Iran arrests more than 100 fuel protest leaders as US asks Iranians to send evidence of crackdown
Mike Pompeo says he wants to 'expose and sanction' regime abuses, while the EU demands that Tehran stops violence against protesters
The United States has asked Iranians to send videos and other evidence of Iran's crackdown on recent fuel protests so that it can "expose and sanction" abuses by the government.
It comes as Iran's Revolutionary Guards announced they had arrested more than 100 protest leaders.
On Friday, Gholamhossein Esmaili, spokesman for Iran's judiciary, said:
"Approximately 100 leaders, heads and main figures of the recent unrest were identified and arrested in various parts of the country by the Islamic Revolutionary Guards Corps."
Demonstrations erupted in cities across Iran last Friday after the government raised the price of petrol.
Protesters were seen blocking roads with their cars, attacking police stations and torching petrol pumps in videos posted online before Iranian authorities cut off internet access.
"I have asked the Iranian protesters to send us their videos, photos and information documenting the regime's crackdown on protesters," US Secretary of State Mike Mr Pompeo tweeted on Thursday.
"The US will expose and sanction the abuses," he said.
Mr Pompeo had earlier infuriated Iran by tweeting support for the protesters, saying "the United States is with you".
The near-total internet shutdown has made it difficult to obtain information about the extent of violence used to suppress the protesters. Officials have confirmed five deaths, but Amnesty International has said the real death toll could more than 100.
The European Union on Friday criticised the violence used by the regime and urged restraint.
"Socio-economic challenges should be addressed through inclusive dialogue and not through the use of violence. We expect Iran's security forces to exercise maximum restraint in handling the protests and for protesters to demonstrate peacefully,” an EU statement said.
“Any violence is unacceptable. The rights to freedom of expression and assembly must be guaranteed. We also expect the Iranian authorities to ensure the free flow of information and access to the internet,” it added.
On Thursday, US President Donald Trump accused Iran of blocking the internet to cover up "death and tragedy".
"Iran has become so unstable that the regime has shut down their entire Internet System so that the Great Iranian people cannot talk about the tremendous violence taking place within the country," Mr Trump tweeted.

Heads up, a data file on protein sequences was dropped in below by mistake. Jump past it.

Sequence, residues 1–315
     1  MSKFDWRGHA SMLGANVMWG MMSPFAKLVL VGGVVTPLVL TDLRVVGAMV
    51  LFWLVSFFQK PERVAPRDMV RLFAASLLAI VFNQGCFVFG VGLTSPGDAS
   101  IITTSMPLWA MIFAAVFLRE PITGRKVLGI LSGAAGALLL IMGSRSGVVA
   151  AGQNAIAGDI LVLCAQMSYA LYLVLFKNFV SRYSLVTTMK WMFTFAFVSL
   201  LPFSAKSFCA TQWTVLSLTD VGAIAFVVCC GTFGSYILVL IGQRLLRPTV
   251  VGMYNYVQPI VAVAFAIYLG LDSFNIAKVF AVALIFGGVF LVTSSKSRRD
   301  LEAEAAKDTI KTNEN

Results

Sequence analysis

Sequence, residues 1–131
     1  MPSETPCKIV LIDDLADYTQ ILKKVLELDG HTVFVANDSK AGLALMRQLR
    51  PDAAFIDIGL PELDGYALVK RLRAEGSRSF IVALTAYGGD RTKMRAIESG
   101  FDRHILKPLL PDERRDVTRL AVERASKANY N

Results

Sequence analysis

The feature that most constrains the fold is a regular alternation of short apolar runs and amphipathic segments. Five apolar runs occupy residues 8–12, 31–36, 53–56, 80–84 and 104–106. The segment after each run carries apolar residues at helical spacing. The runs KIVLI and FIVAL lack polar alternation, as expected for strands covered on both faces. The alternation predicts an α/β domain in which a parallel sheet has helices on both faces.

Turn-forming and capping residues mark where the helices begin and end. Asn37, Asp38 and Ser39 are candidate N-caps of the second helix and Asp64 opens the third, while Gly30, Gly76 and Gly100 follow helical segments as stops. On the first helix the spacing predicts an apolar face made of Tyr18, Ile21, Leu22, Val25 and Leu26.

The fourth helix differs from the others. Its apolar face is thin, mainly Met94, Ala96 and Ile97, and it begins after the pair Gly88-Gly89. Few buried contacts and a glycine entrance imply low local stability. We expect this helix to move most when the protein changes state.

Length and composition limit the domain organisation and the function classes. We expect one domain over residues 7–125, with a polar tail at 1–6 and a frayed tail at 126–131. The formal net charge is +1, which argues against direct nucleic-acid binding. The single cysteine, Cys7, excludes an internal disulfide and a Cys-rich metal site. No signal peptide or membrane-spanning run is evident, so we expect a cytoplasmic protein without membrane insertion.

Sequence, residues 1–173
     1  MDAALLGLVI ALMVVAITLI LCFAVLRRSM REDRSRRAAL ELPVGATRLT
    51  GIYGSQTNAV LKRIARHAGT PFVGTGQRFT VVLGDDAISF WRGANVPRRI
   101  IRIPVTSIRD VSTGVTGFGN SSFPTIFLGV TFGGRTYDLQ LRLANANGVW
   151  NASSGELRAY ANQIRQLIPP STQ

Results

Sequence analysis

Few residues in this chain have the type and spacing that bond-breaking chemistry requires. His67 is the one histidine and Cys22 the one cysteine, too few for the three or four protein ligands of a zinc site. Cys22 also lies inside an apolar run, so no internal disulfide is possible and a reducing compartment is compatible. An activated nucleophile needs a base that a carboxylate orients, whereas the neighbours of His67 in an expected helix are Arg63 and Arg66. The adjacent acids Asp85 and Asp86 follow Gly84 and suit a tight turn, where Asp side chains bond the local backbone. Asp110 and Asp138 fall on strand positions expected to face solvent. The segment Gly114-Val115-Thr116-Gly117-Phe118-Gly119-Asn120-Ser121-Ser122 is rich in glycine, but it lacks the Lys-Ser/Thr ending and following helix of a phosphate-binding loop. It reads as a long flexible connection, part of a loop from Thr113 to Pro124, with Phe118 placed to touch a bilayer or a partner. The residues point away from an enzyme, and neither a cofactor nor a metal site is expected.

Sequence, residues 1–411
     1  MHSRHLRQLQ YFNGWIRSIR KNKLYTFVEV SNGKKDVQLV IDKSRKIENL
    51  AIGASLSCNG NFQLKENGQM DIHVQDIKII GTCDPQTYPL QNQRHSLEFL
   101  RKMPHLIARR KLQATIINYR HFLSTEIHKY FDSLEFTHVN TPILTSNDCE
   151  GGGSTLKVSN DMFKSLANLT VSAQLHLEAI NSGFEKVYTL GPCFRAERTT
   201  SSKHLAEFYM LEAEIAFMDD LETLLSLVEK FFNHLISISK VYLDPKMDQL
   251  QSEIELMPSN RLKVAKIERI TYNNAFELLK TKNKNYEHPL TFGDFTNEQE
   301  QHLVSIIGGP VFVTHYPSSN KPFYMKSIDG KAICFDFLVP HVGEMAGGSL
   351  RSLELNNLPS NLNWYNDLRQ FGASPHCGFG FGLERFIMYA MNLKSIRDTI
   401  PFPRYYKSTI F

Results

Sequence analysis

The US comments followed a statement by Iran's Revolutionary Guard praising the armed forces for taking "timely action" against "rioters" and suggesting that calm had been restored.
Iranian authorities have said internet access was being restored gradually, in another indication that the protests had been quelled. The internet watchdog NetBlocks said on Thursday that "national connectivity has risen further to 10 per cent".
Amnesty International said on Tuesday that at least 106 people had been killed during the protests and the subsequent security crackdown. The UN rights commission said it feared the unrest may have killed “a significant number of people”.
“The frequency and persistence of lethal force used against peaceful protesters in these and previous mass protests, as well as the systematic impunity for security forces who kill protesters, raise serious fears that the intentional lethal use of firearms to crush protests has become a matter of state policy,” said Philip Luther at Amnesty International.
Iran’s President Hassan Rouhani, who blamed the protests on "Zionists and Americans”, has said the fuel price increase would fund new subsidies for the poor.
The increase in petrol prices by as much as 200 per cent places another burden on Iranians who are suffering through an economic downturn caused by crippling US economic sanctions, particularly on Iran's oil exports.
Mr Trump reimposed the sanctions after pulling the US out of Iran’s 2015 nuclear deal with world powers, citing its failure to curb Tehran's missile programme and regional meddling.
Iran’s state TV said on Friday that air defence exercises were being carried out as part of its annual military drills. State TV showed footage of air defence missile systems being fired and a patrol by jet fighters in the northern Semnan province.
Iran operates a domestically built air defence system alongside the sophisticated S-300 defense system from Russia. In June, Iran shot down an unmanned US drone over the strategic Strait of Hormuz for alleged violation of its airspace.
Meanwhile, activists said on Thursday that six conservationists working to save the endangered Asiatic cheetah had been sentenced to prison on espionage charges by an Iranian court.
The New York-based Centre for Human Rights in Iran said the members of the nonprofit Persian Wildlife Heritage Foundation faced six to 10 years in prison for “contacts with the US enemy state”. The conservationists were arrested over the use of camera traps to track the cheetahs, a common tool of wildlife experts.
Updated: November 22, 2019 09:18 PM